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Polynesian agroforestry project on the Big Island hopes to boost food security

poly_forestry group photo.jpg
Keʻala Lucero
/
Co-Creative Studios
Representatives from NOAA and Keaukaha Panaʻewa Farmers Association affirm partnership through site blessing of the pilot project. Pictured from left to right: Nāmaka Rawlins (Pana’ewa homesteader), Maka’ala Rawlins (Keaukaha Panaʻewa Farmers Association member), Pua Kamaka (NOAA Pacific Island Coordinator), Letise LaFeir (NOAA Senior Advisor), Nicole LeBoeuf (Assistant Administrator for NOAA’s National Ocean Service), Maile Lu’uwai (President of Keaukaha Panaʻewa Farmers Association) and Kalani Quiocho (NOAA’s Office of National Marine Sanctuaries Pacific Islands Cultural Resource Coordinator).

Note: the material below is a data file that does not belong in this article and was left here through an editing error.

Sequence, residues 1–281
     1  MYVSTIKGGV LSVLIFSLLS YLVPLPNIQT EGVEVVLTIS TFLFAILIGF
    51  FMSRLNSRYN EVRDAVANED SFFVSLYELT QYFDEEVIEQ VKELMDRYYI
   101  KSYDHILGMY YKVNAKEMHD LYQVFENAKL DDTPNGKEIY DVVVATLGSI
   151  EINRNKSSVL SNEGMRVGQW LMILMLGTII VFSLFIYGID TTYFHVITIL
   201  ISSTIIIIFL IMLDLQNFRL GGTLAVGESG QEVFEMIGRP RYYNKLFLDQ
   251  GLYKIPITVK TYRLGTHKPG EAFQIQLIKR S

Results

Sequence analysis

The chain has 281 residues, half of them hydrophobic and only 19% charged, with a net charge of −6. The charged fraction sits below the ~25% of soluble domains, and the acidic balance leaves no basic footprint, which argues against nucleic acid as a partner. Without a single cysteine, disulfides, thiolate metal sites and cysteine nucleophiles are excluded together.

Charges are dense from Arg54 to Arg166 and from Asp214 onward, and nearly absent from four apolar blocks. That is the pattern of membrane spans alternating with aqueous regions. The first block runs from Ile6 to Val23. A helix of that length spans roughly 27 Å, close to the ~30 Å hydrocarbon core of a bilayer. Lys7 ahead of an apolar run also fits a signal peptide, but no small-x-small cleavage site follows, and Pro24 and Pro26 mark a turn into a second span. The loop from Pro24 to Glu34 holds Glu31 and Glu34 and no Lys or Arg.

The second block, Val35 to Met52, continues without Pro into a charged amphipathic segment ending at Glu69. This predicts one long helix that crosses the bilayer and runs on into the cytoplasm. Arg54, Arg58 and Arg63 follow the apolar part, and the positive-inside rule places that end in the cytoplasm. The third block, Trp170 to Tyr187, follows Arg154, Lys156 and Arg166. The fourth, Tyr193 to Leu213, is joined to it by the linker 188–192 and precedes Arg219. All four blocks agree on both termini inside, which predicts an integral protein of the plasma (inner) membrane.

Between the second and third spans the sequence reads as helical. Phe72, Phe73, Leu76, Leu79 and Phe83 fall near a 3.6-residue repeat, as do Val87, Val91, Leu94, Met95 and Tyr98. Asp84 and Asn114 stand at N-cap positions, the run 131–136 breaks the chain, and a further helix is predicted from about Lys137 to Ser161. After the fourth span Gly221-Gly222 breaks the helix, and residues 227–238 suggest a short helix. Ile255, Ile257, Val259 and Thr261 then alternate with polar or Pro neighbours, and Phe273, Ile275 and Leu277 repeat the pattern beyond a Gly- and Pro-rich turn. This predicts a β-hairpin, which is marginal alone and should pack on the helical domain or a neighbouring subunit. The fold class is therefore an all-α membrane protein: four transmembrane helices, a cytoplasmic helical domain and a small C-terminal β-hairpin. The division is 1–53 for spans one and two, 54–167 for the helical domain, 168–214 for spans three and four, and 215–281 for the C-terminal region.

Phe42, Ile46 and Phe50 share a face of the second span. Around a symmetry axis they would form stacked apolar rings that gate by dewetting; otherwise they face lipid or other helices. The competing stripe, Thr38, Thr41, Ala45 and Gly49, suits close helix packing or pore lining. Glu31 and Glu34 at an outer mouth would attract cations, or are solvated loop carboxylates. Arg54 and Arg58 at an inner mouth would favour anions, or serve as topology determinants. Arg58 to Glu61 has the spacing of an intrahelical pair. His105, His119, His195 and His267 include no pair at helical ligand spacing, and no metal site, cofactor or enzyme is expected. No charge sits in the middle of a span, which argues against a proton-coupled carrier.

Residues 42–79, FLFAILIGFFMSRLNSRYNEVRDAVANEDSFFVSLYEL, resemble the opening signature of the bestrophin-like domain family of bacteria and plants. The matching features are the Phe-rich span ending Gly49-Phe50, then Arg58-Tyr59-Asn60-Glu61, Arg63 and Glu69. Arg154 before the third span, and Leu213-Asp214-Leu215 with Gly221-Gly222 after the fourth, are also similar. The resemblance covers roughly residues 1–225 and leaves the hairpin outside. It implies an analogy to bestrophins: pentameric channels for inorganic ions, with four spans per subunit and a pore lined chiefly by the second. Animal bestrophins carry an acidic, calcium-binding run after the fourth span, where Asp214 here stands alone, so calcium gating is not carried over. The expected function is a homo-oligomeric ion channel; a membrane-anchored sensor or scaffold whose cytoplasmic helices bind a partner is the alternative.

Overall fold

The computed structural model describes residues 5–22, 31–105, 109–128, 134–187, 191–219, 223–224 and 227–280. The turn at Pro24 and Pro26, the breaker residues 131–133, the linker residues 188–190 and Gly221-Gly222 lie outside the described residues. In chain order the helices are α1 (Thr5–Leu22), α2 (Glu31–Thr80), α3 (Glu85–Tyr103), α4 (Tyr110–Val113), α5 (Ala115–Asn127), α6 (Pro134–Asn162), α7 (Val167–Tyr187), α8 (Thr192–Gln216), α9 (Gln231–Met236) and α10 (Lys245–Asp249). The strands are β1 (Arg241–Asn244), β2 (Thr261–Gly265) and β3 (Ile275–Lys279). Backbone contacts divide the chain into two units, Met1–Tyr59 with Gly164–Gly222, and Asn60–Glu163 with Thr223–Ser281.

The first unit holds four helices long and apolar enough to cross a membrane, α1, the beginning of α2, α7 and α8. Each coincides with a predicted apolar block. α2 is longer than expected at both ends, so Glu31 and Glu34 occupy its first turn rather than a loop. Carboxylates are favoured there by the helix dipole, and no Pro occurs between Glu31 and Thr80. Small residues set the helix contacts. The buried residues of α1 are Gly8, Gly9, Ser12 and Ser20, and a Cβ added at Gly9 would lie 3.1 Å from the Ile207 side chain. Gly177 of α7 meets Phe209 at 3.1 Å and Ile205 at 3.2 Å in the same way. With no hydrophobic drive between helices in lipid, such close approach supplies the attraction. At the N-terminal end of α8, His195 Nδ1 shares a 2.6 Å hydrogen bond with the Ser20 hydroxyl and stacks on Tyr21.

Here's a new term for you: polyforestry. Think Polynesian agroforestry. A pilot project melding traditional knowledge and western science is underway on the Big Island. It's one of seven climate equity projects with the National Oceanic and Atmospheric Administration.

The Conversation sat down with NOAA Coordinator Pua Kamaka and Maile Luʻuwai, president of the Keaukaha Panaʻewa Farmers Association, to talk about food security and akamai agriculture.

This interview aired on The Conversation on Sept. 8, 2022. The Conversation airs weekdays at 11 a.m. on HPR-1.

Lillian Tsang is the senior producer of The Conversation. She has been part of the talk show team since it first aired in 2011. Contact her at ltsang@hawaiipublicradio.org.
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